Friday, September 23, 2016

Calculating Dihedral Angles

Just a quick one today.  Up until recently I had never heard of the term dihedral angle.  It sounds complicated but it's something you already know.  If you have two surfaces in spaces that meet, they will form a line. The angle between the two surfaces at this intersection is called the dihedral angle.

I had recently been wondering about how to calculate the angle between two surfaces and decided to work through the problem myself.  First of all you need to describe the surfaces and I thought that the best way to do this was by supplying vectors normal to each surface, v1 and v2.
Angle between two surfaces

By simplifying the geometry and extending the normal vectors until they intersect you can start to see how to solve the problem.
Extended surface normal vectors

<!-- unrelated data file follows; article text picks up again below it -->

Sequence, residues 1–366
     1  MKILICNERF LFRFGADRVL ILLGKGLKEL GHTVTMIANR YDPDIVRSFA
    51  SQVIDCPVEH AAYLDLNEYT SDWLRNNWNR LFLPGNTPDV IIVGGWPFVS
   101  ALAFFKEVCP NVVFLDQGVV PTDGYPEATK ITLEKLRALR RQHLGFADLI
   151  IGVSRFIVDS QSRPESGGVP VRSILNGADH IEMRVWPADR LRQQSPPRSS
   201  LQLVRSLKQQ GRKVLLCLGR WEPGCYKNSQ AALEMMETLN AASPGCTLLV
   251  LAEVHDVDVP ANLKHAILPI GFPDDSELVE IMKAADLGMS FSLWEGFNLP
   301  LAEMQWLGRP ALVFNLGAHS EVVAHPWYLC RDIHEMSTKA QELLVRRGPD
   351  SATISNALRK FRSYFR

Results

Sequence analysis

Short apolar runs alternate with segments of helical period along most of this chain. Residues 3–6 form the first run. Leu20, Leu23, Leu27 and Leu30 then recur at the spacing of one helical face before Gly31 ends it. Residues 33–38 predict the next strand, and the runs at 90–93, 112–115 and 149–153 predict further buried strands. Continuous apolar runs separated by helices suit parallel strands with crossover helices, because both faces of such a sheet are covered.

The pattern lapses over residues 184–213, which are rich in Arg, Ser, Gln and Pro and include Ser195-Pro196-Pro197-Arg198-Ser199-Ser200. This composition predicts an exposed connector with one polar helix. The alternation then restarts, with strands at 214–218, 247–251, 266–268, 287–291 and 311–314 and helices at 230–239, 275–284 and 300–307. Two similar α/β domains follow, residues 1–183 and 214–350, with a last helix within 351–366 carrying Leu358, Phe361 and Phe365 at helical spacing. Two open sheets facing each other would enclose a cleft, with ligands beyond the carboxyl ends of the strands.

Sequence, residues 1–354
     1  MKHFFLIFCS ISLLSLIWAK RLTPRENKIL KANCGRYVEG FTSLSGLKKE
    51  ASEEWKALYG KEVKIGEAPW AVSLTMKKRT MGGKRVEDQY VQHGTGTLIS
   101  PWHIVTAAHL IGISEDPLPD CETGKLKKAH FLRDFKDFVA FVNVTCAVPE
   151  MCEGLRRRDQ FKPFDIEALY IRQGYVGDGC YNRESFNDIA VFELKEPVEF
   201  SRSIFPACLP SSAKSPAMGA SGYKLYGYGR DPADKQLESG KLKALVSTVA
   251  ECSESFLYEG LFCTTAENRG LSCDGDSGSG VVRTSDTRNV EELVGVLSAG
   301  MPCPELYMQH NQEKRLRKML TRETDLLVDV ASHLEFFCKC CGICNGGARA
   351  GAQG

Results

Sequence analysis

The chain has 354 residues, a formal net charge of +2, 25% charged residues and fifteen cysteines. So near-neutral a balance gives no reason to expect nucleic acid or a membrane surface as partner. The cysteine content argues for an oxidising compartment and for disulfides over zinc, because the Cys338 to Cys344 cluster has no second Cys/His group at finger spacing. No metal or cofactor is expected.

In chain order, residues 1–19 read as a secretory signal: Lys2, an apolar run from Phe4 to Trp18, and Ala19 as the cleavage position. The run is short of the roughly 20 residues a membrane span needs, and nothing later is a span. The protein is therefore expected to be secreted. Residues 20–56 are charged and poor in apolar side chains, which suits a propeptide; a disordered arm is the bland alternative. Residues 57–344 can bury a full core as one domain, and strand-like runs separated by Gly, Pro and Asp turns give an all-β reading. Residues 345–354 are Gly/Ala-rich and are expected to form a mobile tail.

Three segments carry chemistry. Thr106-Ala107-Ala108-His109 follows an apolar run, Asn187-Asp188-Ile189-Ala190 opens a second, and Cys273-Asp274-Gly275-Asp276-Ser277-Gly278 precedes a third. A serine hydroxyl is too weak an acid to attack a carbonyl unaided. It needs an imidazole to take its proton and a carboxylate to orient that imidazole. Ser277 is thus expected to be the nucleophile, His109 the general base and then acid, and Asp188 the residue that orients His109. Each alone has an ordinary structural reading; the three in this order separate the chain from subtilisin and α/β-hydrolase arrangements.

You can also derive the following formula from the geometry.
Relation between alpha and beta

From this you can see that the cosine of beta is equal to the negative cosine of alpha.
Simplified cosine term

By taking the dot product of the vectors v1 and v2 you can quickly derive an expression for the angle alpha.
Expression for alpha

Great!  Problem solved.  Or is it?  The inverse cosine function only returns values between 0 and 180. This means you will never get an answer greater than 180 degrees, meaning you can't have convex angles.  The image below demonstrates why.  Given the vectors v1 and v2 to define the surfaces in the first part of the image below you would quickly run into trouble.  You can see in the lower part of the image that the same two vectors can be used to define a different geometry with a concave angle.
Ambiguity between vectors